Experts: Restrict Off-Label Prescriptions
> 10/30/2008 6:18:59 PM

The act of recommending certain medications for uses other than those for which they've been approved by the FDA is a longstanding practice. Doctors may, working from their own experience, prescribe drugs for alternate purposes. But in  releases sent to practitioners across the country, manufacturers also mention “off-label” uses for their products, encouraging doctors not to limit their prescription to the treatment of the conditions for which they were designed. The practice may, at times, lead to breakthroughs that ultimately benefit the public. Several anti-depressants, for example, have been found to restrict the physical urges common to long-time smokers. But if one judges by the statistics collected by a team of pharmaceutical experts and released in a recent Public Library of Science article, the practice is extremely common and its results are very often unclear. Further government regulation may be required to restrain excessive off-label prescription.

While doctors often (legally) use their best judgment to prescribe medications for alternate conditions, the promotion of such practices by manufacturers is illegal. And yet it continues en masse via mailers and “decoy indications” used to solicit FDA approval for drugs whose most effective purposes have yet to be determined. Approximately 150 million off-label prescriptions occur in the U.S. each year according to the research conducted for this release. Unfortunately, the primary goal of such efforts is the maximization of profit. Even if off-label prescription only occurred on a very limited scale, pharmaceutical manufacturers would still able to elevate their overall sales numbers by effectively freeing doctors to prescribe medications at their own discretion and creating an increasing demand. And the trend is surprisingly common, which is why these industry veterans recommend legal action and a revision of standards to prevent wanton off-label prescription practices. In order to curb the industry habit of working around established standards, the publishers recommend fines and increased scrutiny of offenders by federal industry watchdogs.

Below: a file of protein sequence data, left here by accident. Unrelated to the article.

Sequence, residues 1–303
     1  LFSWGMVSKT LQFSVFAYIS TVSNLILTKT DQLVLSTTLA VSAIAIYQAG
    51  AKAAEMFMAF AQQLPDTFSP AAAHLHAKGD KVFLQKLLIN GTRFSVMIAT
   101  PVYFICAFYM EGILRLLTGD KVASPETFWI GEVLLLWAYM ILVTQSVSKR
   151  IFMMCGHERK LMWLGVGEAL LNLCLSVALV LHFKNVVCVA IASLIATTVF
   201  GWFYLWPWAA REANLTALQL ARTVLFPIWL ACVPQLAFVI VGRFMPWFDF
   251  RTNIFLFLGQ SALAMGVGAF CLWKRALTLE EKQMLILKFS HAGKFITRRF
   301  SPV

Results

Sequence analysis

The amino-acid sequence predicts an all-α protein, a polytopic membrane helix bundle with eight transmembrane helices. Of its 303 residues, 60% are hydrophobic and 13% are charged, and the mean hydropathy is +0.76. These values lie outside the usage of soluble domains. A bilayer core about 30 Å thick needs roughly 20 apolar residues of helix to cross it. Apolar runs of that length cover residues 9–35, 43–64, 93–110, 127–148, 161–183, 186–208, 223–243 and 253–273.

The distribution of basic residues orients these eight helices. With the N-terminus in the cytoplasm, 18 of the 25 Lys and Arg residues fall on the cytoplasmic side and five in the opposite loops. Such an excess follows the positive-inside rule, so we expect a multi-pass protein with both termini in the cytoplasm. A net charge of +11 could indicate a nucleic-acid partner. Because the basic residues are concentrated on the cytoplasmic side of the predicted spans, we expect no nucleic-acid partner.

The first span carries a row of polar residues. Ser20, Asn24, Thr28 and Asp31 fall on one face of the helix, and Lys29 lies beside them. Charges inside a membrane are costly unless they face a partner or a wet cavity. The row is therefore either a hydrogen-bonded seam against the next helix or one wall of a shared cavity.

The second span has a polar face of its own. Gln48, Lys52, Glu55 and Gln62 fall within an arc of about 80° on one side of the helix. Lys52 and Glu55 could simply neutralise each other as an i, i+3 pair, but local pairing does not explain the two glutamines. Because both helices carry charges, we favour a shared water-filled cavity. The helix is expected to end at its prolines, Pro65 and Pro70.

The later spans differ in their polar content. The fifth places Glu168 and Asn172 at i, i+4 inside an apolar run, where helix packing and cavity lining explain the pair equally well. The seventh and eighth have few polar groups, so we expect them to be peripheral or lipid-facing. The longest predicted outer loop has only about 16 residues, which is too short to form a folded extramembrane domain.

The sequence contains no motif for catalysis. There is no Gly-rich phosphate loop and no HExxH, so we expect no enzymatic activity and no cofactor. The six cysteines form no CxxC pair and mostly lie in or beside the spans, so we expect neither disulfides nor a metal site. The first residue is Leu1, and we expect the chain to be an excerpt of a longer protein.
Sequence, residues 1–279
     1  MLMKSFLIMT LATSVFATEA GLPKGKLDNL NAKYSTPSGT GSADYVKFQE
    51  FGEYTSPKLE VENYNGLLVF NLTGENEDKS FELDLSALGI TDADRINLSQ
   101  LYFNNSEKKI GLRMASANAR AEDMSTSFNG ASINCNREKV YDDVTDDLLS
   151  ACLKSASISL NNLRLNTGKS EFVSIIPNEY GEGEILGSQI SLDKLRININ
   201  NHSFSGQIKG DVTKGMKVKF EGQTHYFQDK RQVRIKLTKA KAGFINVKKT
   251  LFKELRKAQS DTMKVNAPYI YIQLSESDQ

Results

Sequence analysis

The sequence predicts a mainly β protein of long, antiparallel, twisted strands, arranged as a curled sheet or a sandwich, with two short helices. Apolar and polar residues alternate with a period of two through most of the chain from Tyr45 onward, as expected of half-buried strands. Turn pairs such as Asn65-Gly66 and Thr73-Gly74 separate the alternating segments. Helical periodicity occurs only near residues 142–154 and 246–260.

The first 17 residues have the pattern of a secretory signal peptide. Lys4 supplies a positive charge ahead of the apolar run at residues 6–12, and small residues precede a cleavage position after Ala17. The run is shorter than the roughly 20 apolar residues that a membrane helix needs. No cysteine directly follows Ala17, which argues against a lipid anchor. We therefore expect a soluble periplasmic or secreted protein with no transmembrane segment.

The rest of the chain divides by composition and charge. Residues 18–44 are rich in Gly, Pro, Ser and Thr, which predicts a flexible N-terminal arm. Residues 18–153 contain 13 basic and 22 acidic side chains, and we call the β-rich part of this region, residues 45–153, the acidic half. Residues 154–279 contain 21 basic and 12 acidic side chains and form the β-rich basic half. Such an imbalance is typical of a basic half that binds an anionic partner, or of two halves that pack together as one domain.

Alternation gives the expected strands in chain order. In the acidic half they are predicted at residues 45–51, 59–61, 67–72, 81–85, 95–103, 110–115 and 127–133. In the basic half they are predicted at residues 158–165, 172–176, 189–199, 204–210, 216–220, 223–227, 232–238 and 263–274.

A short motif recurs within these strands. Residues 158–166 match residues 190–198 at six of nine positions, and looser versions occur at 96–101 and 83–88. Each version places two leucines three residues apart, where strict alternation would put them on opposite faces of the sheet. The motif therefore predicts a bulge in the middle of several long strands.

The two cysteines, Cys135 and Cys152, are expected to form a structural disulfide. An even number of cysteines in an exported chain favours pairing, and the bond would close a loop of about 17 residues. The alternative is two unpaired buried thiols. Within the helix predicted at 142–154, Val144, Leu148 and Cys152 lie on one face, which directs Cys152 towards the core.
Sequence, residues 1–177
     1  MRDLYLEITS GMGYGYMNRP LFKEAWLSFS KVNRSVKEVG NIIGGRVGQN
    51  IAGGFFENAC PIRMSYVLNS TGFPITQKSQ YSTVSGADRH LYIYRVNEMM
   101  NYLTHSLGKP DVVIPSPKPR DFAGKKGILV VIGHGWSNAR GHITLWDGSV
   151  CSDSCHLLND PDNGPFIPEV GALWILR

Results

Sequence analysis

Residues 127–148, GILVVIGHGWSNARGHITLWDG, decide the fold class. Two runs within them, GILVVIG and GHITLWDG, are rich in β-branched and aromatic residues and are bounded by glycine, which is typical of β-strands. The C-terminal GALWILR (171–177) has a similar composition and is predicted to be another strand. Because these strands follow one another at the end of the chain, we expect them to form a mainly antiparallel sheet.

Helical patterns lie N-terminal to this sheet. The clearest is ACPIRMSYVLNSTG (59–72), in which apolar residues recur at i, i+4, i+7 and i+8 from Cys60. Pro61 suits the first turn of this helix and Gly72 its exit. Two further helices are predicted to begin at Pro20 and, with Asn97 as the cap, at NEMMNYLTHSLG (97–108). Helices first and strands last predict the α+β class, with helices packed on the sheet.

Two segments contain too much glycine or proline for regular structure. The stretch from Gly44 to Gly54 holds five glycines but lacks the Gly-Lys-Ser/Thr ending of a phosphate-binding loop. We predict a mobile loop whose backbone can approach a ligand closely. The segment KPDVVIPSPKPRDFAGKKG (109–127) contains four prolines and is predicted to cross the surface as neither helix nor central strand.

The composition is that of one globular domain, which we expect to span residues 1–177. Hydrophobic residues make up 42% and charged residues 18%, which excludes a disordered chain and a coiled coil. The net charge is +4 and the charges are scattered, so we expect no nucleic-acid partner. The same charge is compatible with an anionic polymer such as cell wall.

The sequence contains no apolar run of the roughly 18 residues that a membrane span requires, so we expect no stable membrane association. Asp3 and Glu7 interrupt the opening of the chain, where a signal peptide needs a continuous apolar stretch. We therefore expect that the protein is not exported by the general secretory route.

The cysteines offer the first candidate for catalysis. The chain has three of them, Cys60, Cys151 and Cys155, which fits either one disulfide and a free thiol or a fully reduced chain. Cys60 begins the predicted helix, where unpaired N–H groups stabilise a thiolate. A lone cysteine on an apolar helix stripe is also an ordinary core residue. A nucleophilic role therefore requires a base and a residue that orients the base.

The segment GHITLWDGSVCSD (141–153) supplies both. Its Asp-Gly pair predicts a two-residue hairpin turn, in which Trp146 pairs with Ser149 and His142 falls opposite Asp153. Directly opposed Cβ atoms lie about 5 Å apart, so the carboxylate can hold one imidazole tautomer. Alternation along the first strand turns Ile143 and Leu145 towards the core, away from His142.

This issue applies to the mental health field in a great number of cases; anti-depressants that double as smoking cessation drugs are not the only example. Prozac, the prototypical anti-depressant, was also cited by its promoters for possible use in the treatment of lupus, migrane, ADHD, irritable bowel syndrome and premature ejaculation. If prescribed for these conditions, the medicine would accomplish very little beyond the infamous placebo effect. Yet manufacturers continue to suggest, with an implied wink, that their wonder drugs may very well serve even more disparate purposes. And why shouldn’t they? While Pfizer lost more than $400 million dollars in a case spurred by the fact that nearly 90% of patients taking their epilepsy drug Neurontin did so off-label, such public indictments are rare. And profits remain buoyed by the practice.

Another prominent example of unsupervised off-label prescription practices involves giving drugs to groups who were never represented in formal study, most often young children and pregnant women. Since a great majority of studies do not include them, most of the drugs given to these populations have not been tested and any adverse side-effects will arrive unexpected. If a doctor wishes to prescribe in this fashion, he or she should, at the very least, inform the affected patient or responsible party of the noted lack of relevant research. Concerns over the prescription of psychiatric drugs to young children are warranted as research has yet to determine these medications’ ultimate effects on neurological and social development and adverse events have been reported. The off-label usage of certain meds should, ideally, be studied in clinical settings before any medical professionals prescribe them to private citizens. And any children taking these drugs must be very closely monitored.

This is not to say that off-label prescription practices should cease altogether. The opinions of these experts do not amount to a condemnation of the entire prescription drug industry or its representatives. FDA approval only covers marketing practices and the final word on medication type and dosage should lie with the individual practitioners, who know their patients far better than any federal agency. We have no doubt that, in quite a few cases, the flexibility of these medicines proves very beneficial for doctors, manufacturers and, most importantly, patients. Medications designed for one purpose may ultimately prove more successful in treating completely unrelated conditions. Certain anti-psychotics, for example, are now effectively used for the treatment of dementia-related agitation. But when the opposite is true and the medications prove ineffective or harmful, such actions amount to a violation of the public trust, and irresponsible treatment methods cannot be forgiven when they hurt the very people they’re supposed to help. The obvious conflict of interest that exists between doctors and pharmaceutical manufacturers cannot be a net positive. Pharmaceutical companies should be punished for pushing off-label uses with no underlying research. And patients should be encouraged to research their medications and ask their doctors about the safety of any off-label prescriptions.

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